03-10-2015, 09:30 AM   #5
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Funny I saw that my thread needed to be approved and though well that will take at least a few hours lol. How wrong that was plus quick replied. There is something to be said about active forums

I read the other threads and they did touch on the K-50 being a good starting point they did not really hit on the kit lenses. Not any more then you will want to replace them later. I just did not want to drop a lot of money, for me, on a kit to find out the lenses are more of the same from what we are use to. As long as they are worth it , like stated above, then I dont feel like I am tossing money away.
So it's not really the quality of the kit lenses but the zoom they excel at that makes people want other lenses? guess that makes sense.
03-10-2015, 09:31 AM   #6
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QuoteOriginally posted by SininStyle Quote
So I have some questions. Everyone says the KIT lenses are crap. What makes them crap? Am I better off just avoiding the kits and waiting for a body to go on sale? How do you even tell a kit lens from a regular lens when its not actually in a kit?
Well here is the thing. When you buy a camera, you need a lens. But it is difficult to sell a $1600 lens to a beginner - it might not seem like a good investment to them and many people simply wouldn't/couldn't afford it. So there is a whole range of lenses, from affordable to top tier stuff. The differences between these lenses are in build quality (barrel plastic or metal, mount plastic or metal, WR) features (distance scales, lens hood, Quickshift, aperture ring, focus limiter, ...) and image quality.
This is why the kit lenses are a good deal. You get these lenses for a really good price when you buy them with a camera. The idea here is to entice new people to the system. Those kit lenses are "all you need" as a beginner. But after you get the hang of the camera, you will notice they have some shortcommings, are missing some features you might want, and so on. One day you have ten lenses, each for a specific use, with amazing image quality, and you wonder how you ever even took a good photo with the kit lens. Kit lenses are designed to be as affordable as possible, with a useful zoom range for beginners. The DA 18-55mm lens for example comes in different versions, the old DA L version (cheapest, no markings, no lens hood), DA version (comes with lens hood, has distance scales), and the modern WR version. Would I recommend you buy the 18-55mm separately? Only if you need a WR lens and cannot afford a better one. But bundled with a camera, it is a good deal, a good place to start. And definitely the Pentax kit lenses, as far as kit lenses are concerned, are not terrible. They are useful and can take good photos. That being said, pretty much all modern, new Pentax lenses will be better than the kit lenses. Simply because the kit lenses are made to be super affordable (but not necessarily "budget" like the old FA J series was)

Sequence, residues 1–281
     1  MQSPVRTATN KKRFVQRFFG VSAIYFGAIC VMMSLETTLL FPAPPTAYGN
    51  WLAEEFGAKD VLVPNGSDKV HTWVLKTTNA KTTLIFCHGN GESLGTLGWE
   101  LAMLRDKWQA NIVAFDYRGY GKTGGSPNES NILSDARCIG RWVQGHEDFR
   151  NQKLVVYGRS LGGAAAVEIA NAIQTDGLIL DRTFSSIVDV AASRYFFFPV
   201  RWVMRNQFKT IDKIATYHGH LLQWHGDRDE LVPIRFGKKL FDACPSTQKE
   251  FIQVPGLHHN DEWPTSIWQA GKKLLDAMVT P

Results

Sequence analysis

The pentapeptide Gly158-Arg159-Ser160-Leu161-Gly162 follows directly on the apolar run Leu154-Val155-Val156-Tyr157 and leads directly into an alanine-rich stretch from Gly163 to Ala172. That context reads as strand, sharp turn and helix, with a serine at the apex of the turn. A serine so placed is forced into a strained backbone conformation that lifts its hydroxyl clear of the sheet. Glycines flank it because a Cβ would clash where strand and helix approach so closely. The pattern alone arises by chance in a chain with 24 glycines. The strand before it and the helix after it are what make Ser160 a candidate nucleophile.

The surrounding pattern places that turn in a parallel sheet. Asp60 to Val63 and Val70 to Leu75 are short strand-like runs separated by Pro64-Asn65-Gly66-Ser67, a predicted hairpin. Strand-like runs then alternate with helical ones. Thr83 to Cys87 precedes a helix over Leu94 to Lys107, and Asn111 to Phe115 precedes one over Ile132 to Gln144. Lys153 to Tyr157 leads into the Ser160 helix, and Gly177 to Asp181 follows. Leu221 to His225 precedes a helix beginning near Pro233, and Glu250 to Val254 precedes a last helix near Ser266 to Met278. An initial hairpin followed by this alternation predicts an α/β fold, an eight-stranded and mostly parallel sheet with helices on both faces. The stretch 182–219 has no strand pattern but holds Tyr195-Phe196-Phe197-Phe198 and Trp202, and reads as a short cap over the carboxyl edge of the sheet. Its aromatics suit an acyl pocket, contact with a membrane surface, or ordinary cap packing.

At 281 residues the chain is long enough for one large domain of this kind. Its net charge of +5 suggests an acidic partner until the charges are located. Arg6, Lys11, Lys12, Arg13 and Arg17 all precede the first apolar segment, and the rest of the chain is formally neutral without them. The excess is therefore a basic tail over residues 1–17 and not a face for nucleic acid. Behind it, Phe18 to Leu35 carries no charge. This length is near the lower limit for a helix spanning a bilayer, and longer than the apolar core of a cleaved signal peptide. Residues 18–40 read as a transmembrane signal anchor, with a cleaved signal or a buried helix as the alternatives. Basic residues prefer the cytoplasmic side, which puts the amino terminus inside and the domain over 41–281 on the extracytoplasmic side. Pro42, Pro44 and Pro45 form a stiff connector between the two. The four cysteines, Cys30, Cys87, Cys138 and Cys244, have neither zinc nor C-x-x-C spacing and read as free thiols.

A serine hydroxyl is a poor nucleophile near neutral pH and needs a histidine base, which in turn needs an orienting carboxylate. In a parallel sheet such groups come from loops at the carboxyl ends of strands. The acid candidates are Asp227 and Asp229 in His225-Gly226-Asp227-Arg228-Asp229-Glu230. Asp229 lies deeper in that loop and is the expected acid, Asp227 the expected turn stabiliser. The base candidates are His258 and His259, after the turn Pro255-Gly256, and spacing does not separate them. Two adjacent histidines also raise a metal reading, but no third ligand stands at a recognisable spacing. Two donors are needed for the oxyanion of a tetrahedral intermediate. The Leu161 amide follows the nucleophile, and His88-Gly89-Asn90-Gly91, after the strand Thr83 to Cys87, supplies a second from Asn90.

tl;dr: Buy the bundle with kit lenses, especially if they are WR (double-check this) and if one of them is the 55-300mm. Great place to start. Or, if you want better image quality at a budget, get body only and buy DA 35mm and DA 50mm - these have far better image quality than the kit lenses, but are still very affordable. They have better low light performance, but have no zoom capability. You can buy mor expensive DFA, FA limited, DA limited lenses when you know your needs as a photographer better
03-10-2015, 09:38 AM   #7
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Yeah both lenses are WR according to Cosco anyway. 18-55mm WR Lens, 50-200mm WR Lens.
03-10-2015, 09:55 AM   #8
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The great thing about the K-50 is that it's an excellent starter DSLR,
but will then offer most of the high-end features as your wife learns to appreciate them.

As a starter camera, with a standard (and maybe telephoto) kit lens,
you can just set it to "AUTO" or "P" mode and run it like a point-and-shoot.

On the other hand, it has the full viewfinder, WR, and double wheels
that make it virtually a professional camera.

It does lack the top LCD and 14-bit RAW of the more expensive models,
but its compactness and lighter weight more than compensate, IMHO.

03-10-2015, 09:56 AM   #9
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QuoteOriginally posted by jatrax Quote